OklahomaHorses Magazine May 2023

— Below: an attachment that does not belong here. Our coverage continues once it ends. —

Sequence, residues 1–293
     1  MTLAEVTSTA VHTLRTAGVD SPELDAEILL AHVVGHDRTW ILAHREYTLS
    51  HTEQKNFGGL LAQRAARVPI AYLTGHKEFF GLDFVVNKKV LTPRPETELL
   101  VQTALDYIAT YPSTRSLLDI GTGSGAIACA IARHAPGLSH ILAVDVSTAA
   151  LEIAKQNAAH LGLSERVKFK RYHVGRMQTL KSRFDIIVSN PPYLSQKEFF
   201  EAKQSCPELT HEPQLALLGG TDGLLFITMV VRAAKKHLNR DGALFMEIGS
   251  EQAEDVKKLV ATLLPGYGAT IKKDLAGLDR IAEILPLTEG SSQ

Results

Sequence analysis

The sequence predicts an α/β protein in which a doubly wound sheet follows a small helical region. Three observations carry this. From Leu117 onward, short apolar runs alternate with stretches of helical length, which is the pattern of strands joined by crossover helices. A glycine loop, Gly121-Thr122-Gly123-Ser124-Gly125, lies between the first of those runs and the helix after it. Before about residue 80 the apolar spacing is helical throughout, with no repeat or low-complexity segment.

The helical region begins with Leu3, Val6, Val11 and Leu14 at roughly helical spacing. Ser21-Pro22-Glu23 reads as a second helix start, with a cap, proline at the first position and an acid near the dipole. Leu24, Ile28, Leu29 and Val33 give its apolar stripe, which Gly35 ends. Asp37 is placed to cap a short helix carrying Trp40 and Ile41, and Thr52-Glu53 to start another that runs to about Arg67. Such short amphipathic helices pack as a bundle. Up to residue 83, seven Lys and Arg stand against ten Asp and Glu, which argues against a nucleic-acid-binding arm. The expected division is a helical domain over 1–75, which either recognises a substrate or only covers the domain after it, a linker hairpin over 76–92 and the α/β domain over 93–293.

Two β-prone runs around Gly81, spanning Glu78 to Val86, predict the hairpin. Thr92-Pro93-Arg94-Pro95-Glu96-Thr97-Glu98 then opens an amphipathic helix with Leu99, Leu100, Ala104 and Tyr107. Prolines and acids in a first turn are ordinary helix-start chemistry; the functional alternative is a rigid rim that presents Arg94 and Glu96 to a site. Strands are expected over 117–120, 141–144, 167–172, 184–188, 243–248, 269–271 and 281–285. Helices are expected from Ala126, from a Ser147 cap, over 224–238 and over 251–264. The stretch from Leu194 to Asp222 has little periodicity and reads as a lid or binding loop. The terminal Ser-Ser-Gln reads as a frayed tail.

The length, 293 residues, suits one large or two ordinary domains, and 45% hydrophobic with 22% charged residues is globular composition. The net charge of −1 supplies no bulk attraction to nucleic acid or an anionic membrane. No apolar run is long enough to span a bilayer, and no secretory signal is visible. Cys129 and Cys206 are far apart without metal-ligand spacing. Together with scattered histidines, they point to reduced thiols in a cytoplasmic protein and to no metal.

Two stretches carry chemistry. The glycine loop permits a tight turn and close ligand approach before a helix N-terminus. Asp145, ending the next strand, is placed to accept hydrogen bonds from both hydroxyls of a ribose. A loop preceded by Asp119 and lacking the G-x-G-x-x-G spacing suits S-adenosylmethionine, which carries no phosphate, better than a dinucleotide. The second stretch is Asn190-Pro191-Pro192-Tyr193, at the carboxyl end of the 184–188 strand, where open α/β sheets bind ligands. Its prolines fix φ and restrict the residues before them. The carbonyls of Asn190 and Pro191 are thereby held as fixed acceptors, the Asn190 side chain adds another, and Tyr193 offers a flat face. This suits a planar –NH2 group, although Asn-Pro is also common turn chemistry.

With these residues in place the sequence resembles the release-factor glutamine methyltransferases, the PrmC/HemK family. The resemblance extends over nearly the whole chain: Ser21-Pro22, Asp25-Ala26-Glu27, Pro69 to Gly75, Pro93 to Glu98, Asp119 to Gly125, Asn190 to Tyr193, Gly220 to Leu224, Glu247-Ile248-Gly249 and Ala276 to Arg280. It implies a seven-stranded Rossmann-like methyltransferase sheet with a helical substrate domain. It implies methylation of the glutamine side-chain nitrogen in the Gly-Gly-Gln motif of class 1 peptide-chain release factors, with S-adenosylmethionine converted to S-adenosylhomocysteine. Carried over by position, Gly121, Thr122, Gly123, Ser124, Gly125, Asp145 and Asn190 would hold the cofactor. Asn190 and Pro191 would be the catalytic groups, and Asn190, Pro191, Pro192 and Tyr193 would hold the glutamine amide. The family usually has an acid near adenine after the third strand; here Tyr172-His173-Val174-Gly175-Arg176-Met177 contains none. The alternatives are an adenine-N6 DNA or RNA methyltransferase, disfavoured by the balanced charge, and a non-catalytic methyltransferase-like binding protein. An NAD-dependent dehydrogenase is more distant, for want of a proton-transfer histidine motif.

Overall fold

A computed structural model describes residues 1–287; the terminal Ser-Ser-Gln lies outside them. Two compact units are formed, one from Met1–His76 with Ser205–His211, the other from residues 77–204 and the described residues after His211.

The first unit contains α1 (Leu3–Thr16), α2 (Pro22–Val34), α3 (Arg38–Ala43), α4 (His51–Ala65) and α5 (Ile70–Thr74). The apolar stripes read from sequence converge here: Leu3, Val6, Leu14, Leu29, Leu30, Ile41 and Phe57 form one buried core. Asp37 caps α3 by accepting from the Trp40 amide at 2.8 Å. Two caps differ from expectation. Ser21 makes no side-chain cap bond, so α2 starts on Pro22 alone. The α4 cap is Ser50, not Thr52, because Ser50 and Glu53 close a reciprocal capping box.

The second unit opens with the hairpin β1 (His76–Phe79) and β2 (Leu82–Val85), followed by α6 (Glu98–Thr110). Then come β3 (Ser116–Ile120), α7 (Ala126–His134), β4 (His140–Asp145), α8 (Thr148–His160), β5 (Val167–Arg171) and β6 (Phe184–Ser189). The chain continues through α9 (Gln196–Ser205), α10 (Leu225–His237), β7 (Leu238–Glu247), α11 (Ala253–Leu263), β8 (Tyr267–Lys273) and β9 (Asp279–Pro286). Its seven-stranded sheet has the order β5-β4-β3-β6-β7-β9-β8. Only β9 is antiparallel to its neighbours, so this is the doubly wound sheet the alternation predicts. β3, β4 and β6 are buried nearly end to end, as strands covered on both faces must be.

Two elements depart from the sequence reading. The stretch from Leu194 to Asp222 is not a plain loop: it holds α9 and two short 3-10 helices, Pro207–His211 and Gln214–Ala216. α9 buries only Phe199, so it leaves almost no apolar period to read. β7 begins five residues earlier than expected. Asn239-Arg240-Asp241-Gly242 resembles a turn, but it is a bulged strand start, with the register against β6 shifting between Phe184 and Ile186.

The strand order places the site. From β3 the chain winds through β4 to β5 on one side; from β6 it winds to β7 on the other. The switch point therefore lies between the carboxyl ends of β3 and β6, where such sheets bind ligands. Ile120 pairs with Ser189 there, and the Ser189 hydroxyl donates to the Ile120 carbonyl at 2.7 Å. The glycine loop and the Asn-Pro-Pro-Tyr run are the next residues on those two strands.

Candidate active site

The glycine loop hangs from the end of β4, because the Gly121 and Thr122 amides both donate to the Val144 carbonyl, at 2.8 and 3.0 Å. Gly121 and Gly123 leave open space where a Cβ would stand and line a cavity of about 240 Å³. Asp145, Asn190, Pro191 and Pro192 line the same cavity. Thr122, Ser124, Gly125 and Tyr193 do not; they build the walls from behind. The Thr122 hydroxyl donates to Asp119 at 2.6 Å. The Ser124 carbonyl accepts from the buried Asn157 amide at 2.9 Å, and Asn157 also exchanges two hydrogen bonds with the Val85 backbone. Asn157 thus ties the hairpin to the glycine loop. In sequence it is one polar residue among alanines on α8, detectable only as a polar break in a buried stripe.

12 OklahomaHorses • May / June 2023 World-Class COLISEUM Construction Is Under Way at the OKC Fairgrounds by Lindsay Humphrey | Photo and artist’s renderings courtesy of the OKC Fairgrounds H orse shows and Oklahoma City — one simply doesn’t exist without the other. They go together better than baseball and apple pie because they have watched horse and human strive in unison to create a performance industry. For more than 50 years now, equine competitors of all ages and backgrounds have dreamed about seeing their name in lights in one place — the Jim Norick Arena in Oklahoma City. This is the end of an era for the iconic landmark, but only because of the unforgiving toll of time. Building a coliseum to replace the Norick Arena is the last step in creating an equine complex where organizations and exhibitors from across the globe can dream of showing in one day. In the last 20 years, more than $120 million has revitalized the buildings surrounding the arena. “A lot of money has been invested in recent years to upgrade everything, but then when someone takes an animal through the Gateway of Champions, the last image of the OKC Fairgrounds is of an old, tired building,” said J. Scott Munz, executive vice president of marketing for the OKC Fairgrounds. Comparable venues typically last 30 or 40 years, but the Norick, completed in 1965, is well past that age. That is visible in the building design and layout and the dilapidated amenities. “Your last image of the OKC Fairgrounds is in that arena, and we want it to be a good one, which is why it’s time to say a fond farewell to the Norick,” Munz said. “It’s had a storied history; a lot of good things have taken place there. Freckles Brown rode Tornado for the first time in that arena back when the NFR was here. Reba McEntire kicked off her career singing the national anthem in that arena, Elvis played there, and so did Led Zeppelin.” A Focus on Horse Shows There’s no question that the domed arena is a landmark for the city itself, but it used to be one for the world as well. In its infancy, the 10,944-capacity building had the largest roof of its kind anywhere on the globe. That has since changed, but what hasn’t changed is the self-proclamation that Oklahoma City is the Horse Show Capital of the World. “It’s an arbitrary title, and nothing qualifies us for it,” Munz explained. “It’s not official, but I do think it’s an appropriate title that is defendable and justified.” Naming rights are still up in the air for the new coliseum. For now, the working title is the OKC Fairgrounds Coliseum.